Michael Jackson might be running for public office, but the former Raven still talks like a football player.
Glad-handing his way through Louisiana, where he is a candidate for the state legislature, Jackson tells voters, "The only way I can help you is if I am your first-round pick on Oct. 20. I have to be drafted by the people."
At 38, Jackson hasn't changed from the stylish, self-assured wide receiver who starred in the club's early years (1996 to 1998). He arrived from Cleveland in a Mercedes-Benz convertible with a 30-suit wardrobe, a gold hoop earring and a shaved head.
"I'm still bald," Jackson said, "but part of that now is nature's blessing."
His best year was 1996, the Ravens' first in Baltimore, when Jackson caught 76 passes for 1,201 yards and 14 touchdowns, the latter two team records.
Tall and gangly, he liked to bait defenders before the snap, telling them what route he was going to run.
"Some [cornerbacks] would take heed, but most didn't," Jackson said. "In those situations, the truth is the last thing a person will believe."
Once, before a game in Jacksonville in 1996, he broached a fan who was harassing Jackson from his seat in the end zone.
"I told the guy, 'I'm going to catch a touchdown pass right here, in this [left] corner, and then I'll throw the ball to you,' " Jackson said.
Sure enough, before halftime, he caught a touchdown pass from Vinny Testaverde on the spot. Jackson pitched the ball toward the stands - with gusto.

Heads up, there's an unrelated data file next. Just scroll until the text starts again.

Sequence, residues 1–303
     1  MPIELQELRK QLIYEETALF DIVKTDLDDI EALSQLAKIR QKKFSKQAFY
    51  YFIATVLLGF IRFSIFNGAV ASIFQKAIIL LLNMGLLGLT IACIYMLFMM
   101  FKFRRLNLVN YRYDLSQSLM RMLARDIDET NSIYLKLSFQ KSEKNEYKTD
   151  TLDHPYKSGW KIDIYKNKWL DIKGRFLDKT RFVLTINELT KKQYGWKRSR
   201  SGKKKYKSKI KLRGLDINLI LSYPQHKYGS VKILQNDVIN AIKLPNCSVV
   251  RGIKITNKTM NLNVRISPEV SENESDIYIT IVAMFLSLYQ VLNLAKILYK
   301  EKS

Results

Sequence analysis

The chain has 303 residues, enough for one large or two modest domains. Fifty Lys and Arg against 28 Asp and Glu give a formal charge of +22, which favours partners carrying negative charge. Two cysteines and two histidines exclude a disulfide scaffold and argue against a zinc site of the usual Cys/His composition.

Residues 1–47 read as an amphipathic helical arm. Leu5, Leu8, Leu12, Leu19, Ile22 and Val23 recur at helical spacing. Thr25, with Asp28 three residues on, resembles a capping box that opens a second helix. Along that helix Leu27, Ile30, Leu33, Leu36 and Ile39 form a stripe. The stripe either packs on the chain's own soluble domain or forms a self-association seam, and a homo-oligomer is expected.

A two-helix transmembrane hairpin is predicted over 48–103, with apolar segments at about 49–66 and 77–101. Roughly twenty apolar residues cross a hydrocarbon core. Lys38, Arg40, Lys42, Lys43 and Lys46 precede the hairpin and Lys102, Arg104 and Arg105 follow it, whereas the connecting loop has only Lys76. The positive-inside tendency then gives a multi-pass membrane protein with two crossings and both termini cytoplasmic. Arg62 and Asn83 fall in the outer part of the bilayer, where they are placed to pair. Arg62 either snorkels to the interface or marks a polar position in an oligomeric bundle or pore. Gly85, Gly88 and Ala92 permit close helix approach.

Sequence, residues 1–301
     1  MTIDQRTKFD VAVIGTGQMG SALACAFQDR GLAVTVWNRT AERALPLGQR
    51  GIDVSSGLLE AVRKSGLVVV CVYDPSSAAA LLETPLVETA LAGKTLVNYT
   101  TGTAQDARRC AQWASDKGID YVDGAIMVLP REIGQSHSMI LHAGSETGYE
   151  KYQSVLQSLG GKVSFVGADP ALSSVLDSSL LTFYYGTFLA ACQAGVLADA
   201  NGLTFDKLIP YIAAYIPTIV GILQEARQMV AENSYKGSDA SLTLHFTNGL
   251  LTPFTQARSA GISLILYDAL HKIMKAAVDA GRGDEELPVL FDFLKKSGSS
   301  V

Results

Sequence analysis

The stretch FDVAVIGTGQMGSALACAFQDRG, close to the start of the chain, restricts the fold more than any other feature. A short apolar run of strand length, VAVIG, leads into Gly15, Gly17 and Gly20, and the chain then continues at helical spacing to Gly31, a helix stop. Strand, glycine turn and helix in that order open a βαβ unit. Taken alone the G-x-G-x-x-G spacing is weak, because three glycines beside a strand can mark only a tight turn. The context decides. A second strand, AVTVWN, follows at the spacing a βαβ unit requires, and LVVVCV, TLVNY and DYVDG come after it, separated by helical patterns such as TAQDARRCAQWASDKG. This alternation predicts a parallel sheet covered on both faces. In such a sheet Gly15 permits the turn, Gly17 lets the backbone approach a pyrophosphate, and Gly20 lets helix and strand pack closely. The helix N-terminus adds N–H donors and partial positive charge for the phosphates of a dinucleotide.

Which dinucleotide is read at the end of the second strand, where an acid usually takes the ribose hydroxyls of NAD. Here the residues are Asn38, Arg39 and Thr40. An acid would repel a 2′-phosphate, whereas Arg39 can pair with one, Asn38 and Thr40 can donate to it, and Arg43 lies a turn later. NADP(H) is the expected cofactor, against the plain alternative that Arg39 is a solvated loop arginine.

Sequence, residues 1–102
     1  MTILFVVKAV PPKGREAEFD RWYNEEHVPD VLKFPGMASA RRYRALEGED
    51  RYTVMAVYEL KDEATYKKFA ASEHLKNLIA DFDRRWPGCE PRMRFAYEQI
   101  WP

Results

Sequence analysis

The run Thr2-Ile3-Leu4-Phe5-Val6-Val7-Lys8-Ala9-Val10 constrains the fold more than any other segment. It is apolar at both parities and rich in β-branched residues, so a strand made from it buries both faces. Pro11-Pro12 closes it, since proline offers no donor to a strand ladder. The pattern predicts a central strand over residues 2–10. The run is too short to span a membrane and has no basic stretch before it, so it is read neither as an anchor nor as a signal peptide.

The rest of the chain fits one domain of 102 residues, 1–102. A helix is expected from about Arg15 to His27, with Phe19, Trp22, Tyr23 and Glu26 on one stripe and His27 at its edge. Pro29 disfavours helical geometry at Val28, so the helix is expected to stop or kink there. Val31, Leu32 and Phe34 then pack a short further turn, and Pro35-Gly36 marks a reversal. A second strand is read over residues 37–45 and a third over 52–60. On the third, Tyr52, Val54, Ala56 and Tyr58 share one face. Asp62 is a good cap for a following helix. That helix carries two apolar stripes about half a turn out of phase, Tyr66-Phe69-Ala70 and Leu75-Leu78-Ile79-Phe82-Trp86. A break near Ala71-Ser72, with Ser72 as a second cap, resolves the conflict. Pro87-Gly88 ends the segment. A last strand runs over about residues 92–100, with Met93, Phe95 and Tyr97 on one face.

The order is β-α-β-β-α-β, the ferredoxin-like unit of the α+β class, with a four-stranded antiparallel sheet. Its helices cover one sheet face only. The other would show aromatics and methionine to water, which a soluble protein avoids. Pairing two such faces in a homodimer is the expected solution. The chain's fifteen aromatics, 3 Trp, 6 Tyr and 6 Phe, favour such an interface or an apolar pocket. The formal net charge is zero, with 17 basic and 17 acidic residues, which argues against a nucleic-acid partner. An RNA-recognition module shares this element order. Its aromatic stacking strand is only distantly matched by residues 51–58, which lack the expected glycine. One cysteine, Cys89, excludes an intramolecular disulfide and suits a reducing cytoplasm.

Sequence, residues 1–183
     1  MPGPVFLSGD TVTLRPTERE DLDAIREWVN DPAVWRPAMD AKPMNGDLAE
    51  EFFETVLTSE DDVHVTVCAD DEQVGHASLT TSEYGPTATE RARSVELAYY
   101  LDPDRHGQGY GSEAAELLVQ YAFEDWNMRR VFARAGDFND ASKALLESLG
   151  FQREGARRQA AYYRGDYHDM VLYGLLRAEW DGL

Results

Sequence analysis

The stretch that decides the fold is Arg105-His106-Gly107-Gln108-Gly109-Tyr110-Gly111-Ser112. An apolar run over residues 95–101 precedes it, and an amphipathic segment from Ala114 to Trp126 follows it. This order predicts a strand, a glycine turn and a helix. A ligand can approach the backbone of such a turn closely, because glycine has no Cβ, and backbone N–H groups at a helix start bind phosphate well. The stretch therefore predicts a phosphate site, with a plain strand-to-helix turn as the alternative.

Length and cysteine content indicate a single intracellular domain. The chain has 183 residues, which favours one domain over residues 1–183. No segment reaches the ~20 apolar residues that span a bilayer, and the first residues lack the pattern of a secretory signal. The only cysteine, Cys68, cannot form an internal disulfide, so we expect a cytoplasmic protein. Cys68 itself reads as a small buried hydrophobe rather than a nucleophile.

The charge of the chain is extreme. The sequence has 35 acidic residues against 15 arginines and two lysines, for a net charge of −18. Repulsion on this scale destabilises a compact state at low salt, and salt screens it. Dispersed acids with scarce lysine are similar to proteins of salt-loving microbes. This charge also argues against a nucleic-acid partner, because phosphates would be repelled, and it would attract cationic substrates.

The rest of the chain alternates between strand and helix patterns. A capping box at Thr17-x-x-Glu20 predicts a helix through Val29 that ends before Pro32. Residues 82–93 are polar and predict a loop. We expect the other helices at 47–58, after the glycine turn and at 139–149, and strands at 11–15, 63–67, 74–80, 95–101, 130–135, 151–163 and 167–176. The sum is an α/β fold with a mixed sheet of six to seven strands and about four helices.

"I must have thrown it pretty hard, because the [NFL] fined me $500," he said.
Slowed by injuries and stymied by the Ravens' new short passing game, Jackson became a free agent after the 1998 season. After a tryout with the Seattle Seahawks, he retired at the age of 30 and returned to his hometown of Tangipahoa, La., 30 miles north of New Orleans.
There, in a disadvantaged community of 700 people, he owns a nightclub and the music production company he started in Baltimore.
The town was wracked by Hurricane Katrina in 2005. Jackson's home was uninhabitable for three weeks after the storm.
"We are a 'Third World' district here, and no attention is being brought to it," Jackson said of the impoverished area he hopes to represent. "It's time to make this a better place."
• With the Ravens: 1996 to 1998.
• Other teams: Cleveland Browns, 1991 to 1995.
• Current job: Owns a music production company and a nightclub in his hometown of Tangipahoa, La.; Democratic candidate for Louisiana state legislature.
• Career statistics: 353 receptions for 5,393 yards and 46 touchdowns. His 14 TD receptions in 1996 tied for the NFL lead that season.
• Fun fact: While playing in Baltimore, he opened a recording studio in an old warehouse on Biddle Street.
• College: Southern Mississippi, where he was recruited to play quarterback but was beaten out by Brett Favre, who had been recruited to play safety.